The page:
Please use this identifier to cite or link to this item: http://doi.org/10.25358/openscience-1649
Authors: Kang, Eunsoo
Title: Controlling Hypersonic Particle Resonances through Tailored Colloidal Synthesis
Online publication date: 3-Jun-2020
Language: english
Abstract: For decades, the application spectrum of nano-scaled materials has been widened. But, there is still a demand to exploit new physical behavior of those materials. Nano-scaled materials usually show distinctive properties compared to the bulk state, which is in particular the case for mechanical, thermal and phononic properties, as demonstrated in this work for different types of nano-scaled colloidal structures. In this thesis, the synthesis, the self-assembly of colloids, the characterization, and the particle vibration spectroscopy utilizing Brillouin light scattering (BLS) spectroscopy are described. Control over the hypersonic resonance of polymer colloids requires tailored colloidal synthesis. Various types of particles with narrow size distribution were synthesized and colloidal structures (i.e., face-centered cubic) on solid substrates (glass or silicon wafer) were prepared by drop-evaporation method or vertical lift deposition. The samples were investigated by BLS spectroscopy to study the colloid mechanical resonances and interparticle interactions. BLS is a high-resolution spectroscopic method that can sensitively detect particle vibrations in the GHz regime through inelastic light scattering in analogy to THz Raman molecular vibration spectroscopy. Access to particle vibrations and interactions allow estimation of colloid elastic moduli, glass transition, and direct observation of the surface mobility, respectively. The experimental results yielded the following information: First, polystyrene (PS) nanoparticles (NPs) with different chemical compositions (different comonomers) have distinct particle interactions, elastic modulus, and surface softening temperature (Ts). Second, surface tuning of PS NPs were achieved by chemical and physical methods; (i) chemically bonded groups (by two-step surfactant-free polymerization), (ii) physically adsorbed groups (by layer-by-layer adsorption method) led to PS NP systems with thin (8 ~ 18 nm for chemically bonded groups, 1 ~ 2 nm for physically adsorbed groups) shells atop the PS core. The presence of the thin shell modified particle interactions, elastic modulus, Ts, and glass transition temperature (Tg > Ts). Third, poly (butyl methacrylate) (PBMA), a low Tg (~ 290 K) polymer compared to the PS core, was introduced on top of the PS core with different PBMA thicknesses. For this core-shell NP structure, the shear modulus decreased with increasing PBMA shell thickness. Interestingly, while the Tg of the PS core was virtually constant, an elevation of the Tg of PBMA shell was found with decreasing PBMA thickness. Overall the results in this dissertation suggest that nanoparticle modulus and thermomechanical behavior can be tuned independently through tailored particle architectures and compositions. In addition, it is shown that BLS is a non-contact and no destructive sensitive spectroscopy method that can provide elastic modulus and thermal properties of nanoparticles. The results from BLS were complemented with the finite element method (FEM), and modulated differential scanning calorimetry (MDSC).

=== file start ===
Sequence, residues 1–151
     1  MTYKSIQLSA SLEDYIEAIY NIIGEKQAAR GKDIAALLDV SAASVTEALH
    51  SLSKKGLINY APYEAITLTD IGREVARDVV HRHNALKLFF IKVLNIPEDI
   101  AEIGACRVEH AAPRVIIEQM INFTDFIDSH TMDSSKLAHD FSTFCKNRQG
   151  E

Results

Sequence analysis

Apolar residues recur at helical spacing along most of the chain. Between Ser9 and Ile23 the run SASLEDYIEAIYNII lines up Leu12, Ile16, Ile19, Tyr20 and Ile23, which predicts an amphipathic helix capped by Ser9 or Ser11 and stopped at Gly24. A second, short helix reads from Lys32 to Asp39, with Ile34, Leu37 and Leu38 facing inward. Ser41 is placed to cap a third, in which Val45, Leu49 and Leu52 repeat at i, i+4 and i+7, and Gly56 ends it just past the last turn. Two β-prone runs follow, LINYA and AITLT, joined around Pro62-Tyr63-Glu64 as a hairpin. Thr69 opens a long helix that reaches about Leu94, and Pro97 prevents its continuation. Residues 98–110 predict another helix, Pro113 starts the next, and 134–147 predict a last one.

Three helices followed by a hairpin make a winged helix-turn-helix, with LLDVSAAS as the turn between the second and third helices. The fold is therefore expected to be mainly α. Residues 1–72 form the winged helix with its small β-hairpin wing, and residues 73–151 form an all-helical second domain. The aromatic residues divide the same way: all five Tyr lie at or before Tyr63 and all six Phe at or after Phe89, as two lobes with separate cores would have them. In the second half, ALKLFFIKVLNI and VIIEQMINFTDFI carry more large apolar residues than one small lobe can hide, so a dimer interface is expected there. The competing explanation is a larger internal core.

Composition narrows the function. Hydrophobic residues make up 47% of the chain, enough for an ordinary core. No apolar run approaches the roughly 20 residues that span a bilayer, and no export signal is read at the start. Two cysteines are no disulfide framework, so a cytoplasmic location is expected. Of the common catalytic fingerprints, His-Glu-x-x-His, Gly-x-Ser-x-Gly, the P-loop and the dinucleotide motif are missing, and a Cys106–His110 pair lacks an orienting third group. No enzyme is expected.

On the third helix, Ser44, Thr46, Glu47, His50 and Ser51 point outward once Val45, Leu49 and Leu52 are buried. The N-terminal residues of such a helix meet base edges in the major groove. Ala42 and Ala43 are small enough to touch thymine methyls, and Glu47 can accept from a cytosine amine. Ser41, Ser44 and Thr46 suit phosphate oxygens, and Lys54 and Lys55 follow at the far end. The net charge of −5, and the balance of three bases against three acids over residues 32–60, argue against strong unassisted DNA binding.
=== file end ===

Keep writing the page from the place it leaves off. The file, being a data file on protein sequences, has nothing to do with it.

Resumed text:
DDC: 540 Chemie
540 Chemistry and allied sciences
Institution: Johannes Gutenberg-Universität Mainz
Department: FB 09 Chemie, Pharmazie u. Geowissensch.
Externe Einrichtungen
Place: Mainz
DOI: http://doi.org/10.25358/openscience-1649
Version: Original work
Publication type: Dissertation
License: in Copyright
Information on rights of use: https://rightsstatements.org/vocab/InC/1.0/
Extent: IX, 128 Seiten
Appears in collections:JGU-Publikationen

Files in This Item:
File SizeFormat 
100003557.pdf11.22 MBAdobe PDFView/Open